The main purpose of the project is to investigate the potential of animal-like behavior for the human-robot interaction. It is a big sophisticated topic and working on this demands a reliable hardware basis. I plan to spend some more time working on this. Then I will return to the high-level problem. Also, as I am a low-level developer I know that the hardware architecture defines high-level possibilities so it is important to make it right. Thanks for your patience and stay tuned!
03/07/2022 at 21:25 •
Behold a new project site!
It is not fully ready yet, but I hope it will help to organize the project and develop it faster and more efficiently.
Also, I've created an organization for the project on GitHub. All repositories will be transferred there: https://github.com/Zakhar-the-Robot
02/06/2022 at 13:16 •
Finished yesterday a Bluetooth device for CAN bus monitoring. Need it to continue the integration of CAN into the Zakhar communication (closer Issues is https://github.com/an-dr/zakhar_platform/issues/12).
It serves two purposes:
- Remote access to Zakhar's data flows
- It is a node on the CAN bus, so all devices will get ACK response and won't fall into the error state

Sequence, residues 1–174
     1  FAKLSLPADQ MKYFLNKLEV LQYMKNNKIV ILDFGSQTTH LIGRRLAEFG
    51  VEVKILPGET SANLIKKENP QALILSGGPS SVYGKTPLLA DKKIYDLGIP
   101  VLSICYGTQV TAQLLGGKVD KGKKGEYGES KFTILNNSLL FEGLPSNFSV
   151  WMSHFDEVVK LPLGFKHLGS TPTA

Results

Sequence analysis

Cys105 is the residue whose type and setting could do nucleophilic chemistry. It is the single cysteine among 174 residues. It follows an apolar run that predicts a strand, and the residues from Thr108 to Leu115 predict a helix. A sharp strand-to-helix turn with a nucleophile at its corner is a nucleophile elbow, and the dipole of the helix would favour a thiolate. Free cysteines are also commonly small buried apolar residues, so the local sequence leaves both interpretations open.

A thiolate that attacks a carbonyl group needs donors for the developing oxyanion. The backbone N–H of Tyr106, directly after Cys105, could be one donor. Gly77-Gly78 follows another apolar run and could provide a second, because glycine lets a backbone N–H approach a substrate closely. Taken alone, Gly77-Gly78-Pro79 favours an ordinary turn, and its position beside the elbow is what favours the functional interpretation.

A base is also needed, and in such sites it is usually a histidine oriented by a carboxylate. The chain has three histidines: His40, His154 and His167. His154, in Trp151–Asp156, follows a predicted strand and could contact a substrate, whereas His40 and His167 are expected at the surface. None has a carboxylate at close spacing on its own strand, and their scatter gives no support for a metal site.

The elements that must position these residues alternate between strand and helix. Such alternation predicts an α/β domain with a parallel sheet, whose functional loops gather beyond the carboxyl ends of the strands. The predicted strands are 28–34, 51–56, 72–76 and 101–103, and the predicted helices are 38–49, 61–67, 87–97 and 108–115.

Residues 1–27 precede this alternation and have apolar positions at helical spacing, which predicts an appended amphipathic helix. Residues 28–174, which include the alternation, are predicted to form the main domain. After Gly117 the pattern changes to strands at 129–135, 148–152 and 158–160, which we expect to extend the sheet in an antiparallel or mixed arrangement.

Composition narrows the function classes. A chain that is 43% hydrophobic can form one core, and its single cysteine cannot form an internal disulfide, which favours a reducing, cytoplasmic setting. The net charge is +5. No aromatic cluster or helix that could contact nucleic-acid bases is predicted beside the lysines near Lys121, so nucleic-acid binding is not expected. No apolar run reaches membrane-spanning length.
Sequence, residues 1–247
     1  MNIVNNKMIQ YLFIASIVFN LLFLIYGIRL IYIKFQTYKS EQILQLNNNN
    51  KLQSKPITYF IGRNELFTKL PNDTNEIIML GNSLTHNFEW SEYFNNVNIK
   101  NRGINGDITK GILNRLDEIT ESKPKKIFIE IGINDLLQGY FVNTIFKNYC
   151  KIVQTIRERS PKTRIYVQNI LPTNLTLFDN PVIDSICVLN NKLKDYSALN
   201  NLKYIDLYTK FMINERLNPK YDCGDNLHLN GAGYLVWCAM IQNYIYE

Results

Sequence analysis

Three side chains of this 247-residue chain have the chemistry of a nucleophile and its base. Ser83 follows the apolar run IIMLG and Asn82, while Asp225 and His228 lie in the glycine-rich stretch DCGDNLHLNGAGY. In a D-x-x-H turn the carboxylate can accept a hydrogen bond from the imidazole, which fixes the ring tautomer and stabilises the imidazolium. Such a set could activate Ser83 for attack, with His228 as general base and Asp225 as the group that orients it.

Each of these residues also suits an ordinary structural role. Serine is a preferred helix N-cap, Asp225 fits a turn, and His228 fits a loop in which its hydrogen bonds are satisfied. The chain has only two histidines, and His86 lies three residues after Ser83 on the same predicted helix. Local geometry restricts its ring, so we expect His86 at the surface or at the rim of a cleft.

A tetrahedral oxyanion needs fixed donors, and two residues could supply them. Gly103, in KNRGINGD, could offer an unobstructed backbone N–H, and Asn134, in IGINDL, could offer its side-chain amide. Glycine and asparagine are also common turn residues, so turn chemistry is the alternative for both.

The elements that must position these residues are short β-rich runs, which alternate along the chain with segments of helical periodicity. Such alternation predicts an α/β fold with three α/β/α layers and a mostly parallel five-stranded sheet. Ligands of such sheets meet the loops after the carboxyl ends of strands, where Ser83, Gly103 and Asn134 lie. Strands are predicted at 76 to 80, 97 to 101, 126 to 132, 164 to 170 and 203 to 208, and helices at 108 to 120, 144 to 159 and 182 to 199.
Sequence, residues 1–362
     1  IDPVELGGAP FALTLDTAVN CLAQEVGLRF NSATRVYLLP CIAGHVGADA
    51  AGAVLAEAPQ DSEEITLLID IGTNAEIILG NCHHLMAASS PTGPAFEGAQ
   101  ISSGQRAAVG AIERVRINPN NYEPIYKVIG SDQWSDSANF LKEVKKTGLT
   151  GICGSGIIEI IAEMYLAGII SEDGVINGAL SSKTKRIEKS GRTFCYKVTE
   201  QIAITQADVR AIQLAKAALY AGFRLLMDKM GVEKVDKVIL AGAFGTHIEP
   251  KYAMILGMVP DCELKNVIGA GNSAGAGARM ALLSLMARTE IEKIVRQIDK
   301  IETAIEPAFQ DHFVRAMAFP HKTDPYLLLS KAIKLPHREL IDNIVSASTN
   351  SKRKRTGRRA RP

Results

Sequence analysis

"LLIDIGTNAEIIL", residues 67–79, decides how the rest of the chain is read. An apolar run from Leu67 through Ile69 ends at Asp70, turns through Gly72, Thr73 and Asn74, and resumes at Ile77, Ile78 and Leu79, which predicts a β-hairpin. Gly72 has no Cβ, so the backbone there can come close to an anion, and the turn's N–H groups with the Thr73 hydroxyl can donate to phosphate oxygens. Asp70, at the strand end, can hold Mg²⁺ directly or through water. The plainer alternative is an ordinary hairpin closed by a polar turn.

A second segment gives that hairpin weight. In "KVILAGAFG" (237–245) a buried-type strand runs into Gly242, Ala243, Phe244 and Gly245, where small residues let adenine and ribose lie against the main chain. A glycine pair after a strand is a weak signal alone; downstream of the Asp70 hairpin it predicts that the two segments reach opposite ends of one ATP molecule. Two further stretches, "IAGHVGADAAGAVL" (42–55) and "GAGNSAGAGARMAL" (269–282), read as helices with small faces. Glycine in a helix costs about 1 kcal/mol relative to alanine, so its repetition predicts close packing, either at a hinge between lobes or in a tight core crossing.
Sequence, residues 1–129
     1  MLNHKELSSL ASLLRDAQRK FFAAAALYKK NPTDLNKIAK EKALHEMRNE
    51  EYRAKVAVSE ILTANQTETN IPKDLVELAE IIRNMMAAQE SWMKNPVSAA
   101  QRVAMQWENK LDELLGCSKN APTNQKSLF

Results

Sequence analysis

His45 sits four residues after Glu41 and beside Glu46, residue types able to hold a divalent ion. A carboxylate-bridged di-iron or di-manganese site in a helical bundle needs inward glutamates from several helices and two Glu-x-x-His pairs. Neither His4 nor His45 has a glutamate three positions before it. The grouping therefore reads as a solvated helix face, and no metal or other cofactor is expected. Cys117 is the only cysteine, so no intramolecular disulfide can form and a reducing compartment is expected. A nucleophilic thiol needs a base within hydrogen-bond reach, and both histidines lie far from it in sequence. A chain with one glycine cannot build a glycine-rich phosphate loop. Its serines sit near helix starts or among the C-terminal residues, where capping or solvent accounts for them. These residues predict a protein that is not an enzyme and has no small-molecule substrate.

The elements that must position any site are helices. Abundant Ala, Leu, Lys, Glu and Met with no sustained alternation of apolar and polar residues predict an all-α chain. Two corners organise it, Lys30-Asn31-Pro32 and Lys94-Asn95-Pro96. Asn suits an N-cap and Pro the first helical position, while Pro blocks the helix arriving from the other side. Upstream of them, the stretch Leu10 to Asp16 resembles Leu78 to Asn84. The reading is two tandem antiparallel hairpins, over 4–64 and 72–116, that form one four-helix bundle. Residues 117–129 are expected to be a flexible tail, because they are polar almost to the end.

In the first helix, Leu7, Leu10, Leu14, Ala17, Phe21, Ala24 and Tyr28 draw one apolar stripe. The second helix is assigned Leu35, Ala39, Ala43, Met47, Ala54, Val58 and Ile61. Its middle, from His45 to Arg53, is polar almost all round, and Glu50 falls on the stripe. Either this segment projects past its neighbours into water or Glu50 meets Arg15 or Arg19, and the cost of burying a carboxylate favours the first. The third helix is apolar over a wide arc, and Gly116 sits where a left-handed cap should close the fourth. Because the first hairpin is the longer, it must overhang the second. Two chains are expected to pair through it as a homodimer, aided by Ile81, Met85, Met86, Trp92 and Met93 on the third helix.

The data is printed in the CSV format, so it is easy to analyze.
The code is dependent mainly on:
- https://github.com/an-dr/zklib_arduino_canbus - it follows the Zakhar CAN network convention (https://github.com/an-dr/zakhar/blob/master/docs/canbus.md) but without requests implementation for now.
- https://github.com/an-dr/arduino-mcp2515 - a slightly modified version of popular CAN library for Arduino (https://github.com/autowp/arduino-mcp2515)
12/26/2021 at 16:55 •
It is done for my robot but can be used everywhere else.
Using a system of descriptors, you can easily:
- send data to the bus periodically
- automatically store data with specific IDs
- send data in response to the RTR request frame
The developer should specify Store, Response, and Transmit (with a period in ms) descriptors and the library will do the rest.